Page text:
I think that I read somewhere that dishes weren’t necessarily passed around so you sort of ate what was in reach. Is that correct or did I imagine that myself?

  14. Monica

    wow! What a huge amount of food – I couldn’t imagine. At least people would be pretty much guaranteed to find something to their liking. Except maybe Lady Catherine 😉 lol

  15. Lauren

    Good point, how did they manage to make all this with no refrigerator? I’ll try the raspberry tart 🙂

  16. Cora Lee

    I love hops like this where I learn all kinds of cool things–I’m totally going to peruse Mrs. Rundel’s cookbook just as soon as I’m done giving exams this week 🙂

  17. cyn209

    getting hungry or nauseous?!?!? LOL!!!

    thank you for the giveaways!!!!

  18. Denise Duvall

    The stewed cucumbers would be delicious, especially if you have a large harvest of them from the garden. I know from experience that Cucumber soup with bacon is excellent and highly recommended. Thank you for the giveaway! denannduvall@gmail.com
    I tweeted 8:29 PM – 3 Jun 13 and liked on FB followed on Pinterest and signed up for emails.

  19. Sharon Lathan

    Thanks for another great resource, Grace! As you know, one who writes long-ago set novels can never have enough places to turn to for answers.

    I am forever boggled by how cooks of the past managed without our modern conveniences. I know I would be lost. After the 1989 earthquake in CA, we were without power for close to a week. Not only did I have no idea how to even begin cleaning without lights or a vacuum, I think we lived on peanut butter and jelly sandwiches for days!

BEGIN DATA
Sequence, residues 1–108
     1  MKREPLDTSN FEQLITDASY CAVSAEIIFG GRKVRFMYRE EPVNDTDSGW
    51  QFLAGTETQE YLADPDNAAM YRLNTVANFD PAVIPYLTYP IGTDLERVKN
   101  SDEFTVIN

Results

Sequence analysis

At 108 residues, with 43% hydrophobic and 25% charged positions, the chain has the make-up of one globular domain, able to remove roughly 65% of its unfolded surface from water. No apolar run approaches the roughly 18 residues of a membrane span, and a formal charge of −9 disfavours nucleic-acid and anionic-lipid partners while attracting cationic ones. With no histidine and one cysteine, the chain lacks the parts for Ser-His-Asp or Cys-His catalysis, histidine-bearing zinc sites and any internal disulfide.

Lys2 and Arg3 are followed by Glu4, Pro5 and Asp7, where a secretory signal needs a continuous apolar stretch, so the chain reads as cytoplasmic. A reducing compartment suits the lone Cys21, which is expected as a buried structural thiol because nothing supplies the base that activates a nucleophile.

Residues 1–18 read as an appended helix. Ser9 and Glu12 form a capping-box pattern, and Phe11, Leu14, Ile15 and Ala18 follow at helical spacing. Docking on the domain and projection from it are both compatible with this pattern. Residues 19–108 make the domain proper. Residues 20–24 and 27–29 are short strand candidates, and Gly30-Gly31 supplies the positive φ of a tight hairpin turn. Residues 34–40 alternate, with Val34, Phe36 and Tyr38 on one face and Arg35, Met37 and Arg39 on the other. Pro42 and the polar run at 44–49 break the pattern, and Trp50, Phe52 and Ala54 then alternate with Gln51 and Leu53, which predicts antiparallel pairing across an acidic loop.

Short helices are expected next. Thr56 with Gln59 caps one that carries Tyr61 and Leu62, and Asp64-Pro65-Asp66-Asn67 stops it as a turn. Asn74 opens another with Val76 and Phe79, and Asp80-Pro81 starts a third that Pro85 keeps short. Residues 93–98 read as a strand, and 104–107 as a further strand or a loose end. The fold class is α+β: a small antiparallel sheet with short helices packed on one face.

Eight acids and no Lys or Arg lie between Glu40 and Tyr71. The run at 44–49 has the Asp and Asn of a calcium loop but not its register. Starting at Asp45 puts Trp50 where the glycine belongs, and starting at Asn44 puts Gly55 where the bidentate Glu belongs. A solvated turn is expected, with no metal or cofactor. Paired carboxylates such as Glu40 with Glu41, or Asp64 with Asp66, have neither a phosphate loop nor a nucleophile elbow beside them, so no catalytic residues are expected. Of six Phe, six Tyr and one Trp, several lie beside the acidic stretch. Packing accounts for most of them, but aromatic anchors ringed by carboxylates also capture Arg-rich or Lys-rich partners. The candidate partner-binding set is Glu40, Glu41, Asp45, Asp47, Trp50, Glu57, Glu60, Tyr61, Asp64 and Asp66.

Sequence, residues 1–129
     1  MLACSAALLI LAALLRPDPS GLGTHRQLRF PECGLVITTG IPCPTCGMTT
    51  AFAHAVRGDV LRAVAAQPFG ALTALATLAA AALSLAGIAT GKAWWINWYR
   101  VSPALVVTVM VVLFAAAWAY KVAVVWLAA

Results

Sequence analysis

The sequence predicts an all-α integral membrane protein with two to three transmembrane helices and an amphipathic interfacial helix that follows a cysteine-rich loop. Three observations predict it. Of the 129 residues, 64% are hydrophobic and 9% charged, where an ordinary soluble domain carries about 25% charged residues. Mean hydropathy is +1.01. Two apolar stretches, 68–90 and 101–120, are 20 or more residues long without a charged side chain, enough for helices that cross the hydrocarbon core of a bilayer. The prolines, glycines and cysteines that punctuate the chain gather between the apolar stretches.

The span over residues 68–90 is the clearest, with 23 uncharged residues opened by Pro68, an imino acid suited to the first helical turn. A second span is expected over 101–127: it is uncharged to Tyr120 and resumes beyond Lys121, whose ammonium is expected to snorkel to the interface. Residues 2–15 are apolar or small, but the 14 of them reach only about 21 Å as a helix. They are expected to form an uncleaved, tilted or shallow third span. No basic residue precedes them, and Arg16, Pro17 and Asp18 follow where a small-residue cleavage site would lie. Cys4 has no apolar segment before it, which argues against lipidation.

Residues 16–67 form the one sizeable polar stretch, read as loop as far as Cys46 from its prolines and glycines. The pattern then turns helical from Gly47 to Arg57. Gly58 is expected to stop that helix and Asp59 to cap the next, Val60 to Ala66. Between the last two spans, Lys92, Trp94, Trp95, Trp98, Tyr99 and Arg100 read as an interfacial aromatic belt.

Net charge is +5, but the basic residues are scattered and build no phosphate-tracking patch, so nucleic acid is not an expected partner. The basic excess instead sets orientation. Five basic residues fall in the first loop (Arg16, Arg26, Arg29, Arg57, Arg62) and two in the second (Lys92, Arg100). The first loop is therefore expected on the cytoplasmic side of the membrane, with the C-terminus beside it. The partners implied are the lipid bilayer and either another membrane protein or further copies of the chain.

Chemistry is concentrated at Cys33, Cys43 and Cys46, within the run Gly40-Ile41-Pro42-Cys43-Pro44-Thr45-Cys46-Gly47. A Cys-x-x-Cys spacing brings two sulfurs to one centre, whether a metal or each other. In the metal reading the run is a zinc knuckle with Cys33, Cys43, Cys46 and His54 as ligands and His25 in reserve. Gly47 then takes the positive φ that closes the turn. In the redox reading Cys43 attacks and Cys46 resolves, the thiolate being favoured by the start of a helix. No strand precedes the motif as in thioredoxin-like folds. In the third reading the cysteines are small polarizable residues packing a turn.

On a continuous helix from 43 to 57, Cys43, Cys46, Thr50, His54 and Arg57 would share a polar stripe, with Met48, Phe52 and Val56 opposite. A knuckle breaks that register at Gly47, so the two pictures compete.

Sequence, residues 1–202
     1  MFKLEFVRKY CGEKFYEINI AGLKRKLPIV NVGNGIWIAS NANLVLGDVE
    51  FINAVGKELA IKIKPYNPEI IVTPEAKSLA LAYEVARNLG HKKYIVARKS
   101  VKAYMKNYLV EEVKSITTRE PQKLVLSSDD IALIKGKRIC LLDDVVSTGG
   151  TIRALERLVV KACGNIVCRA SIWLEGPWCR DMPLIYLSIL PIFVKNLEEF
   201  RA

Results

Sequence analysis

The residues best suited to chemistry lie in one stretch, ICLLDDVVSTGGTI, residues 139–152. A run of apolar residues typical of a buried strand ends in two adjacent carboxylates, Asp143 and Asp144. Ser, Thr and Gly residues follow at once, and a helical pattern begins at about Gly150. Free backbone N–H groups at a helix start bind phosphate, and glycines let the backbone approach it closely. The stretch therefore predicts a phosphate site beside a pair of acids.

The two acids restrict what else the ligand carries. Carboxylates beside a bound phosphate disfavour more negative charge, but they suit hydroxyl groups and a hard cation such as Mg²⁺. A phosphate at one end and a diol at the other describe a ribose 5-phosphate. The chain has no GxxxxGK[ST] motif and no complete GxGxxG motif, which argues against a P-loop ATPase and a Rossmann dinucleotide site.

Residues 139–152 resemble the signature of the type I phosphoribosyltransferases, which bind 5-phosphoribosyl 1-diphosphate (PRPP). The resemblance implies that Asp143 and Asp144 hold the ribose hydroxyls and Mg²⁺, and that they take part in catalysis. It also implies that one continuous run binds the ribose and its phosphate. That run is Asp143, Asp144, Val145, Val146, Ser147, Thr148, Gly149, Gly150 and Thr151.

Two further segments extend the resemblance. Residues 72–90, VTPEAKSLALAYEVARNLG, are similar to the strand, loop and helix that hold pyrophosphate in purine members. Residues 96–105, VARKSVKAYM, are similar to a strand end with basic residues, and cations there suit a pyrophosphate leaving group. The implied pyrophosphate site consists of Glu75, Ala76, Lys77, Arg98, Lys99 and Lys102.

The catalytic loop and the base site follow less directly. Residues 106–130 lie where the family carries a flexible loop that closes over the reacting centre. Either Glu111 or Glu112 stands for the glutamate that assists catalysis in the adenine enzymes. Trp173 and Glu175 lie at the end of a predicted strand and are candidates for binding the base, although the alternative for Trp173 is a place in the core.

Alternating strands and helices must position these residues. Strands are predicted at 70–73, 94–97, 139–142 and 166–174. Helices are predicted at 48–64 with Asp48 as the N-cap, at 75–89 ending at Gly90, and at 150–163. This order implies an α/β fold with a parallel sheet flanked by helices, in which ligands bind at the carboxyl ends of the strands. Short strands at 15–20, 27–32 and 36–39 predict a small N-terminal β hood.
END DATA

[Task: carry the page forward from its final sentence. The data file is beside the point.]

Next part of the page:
Great post, and great Blog Hop! I am having a blast, and thrilled to be a part of it.

    1. authormariagrace

      I understand, Sharon. After hurricane Ike, we were without power 13 days and it was quite an adventure! I’m thrilled to have you part of this hop!

  20. Tinney Heath

    A fascinating post! I cannot imagine trying to tackle a meal like that – either in the kitchen or in the dining room!

  21. reginajeffers

    I love old “cook books.” My mother kept some from her mother, etc.
    It is great when a person comes across a phrase in the books with which he/she has no concept.

  22. carolwarham

    How things have changed. Thanks for such an interesting and informative piece.

  23. Lisa

    This feast reminds me of some of the meals I recently had at a ryokan (traditional Japanese inn) where each person would get 7 to 10 different dishes to eat (eg: potato salad, seaweed salad, grilled asparagus, grilled mushrooms, steamed asparagus with mayonnaise, roast salmon, sashimi, rice and almond jelly), but only small serving of each. It still took about an hour and half to finish and you were full at the end.

  24. Amy B.

    This was a fun idea. Thank you for sharing & for the giveaway opportunity.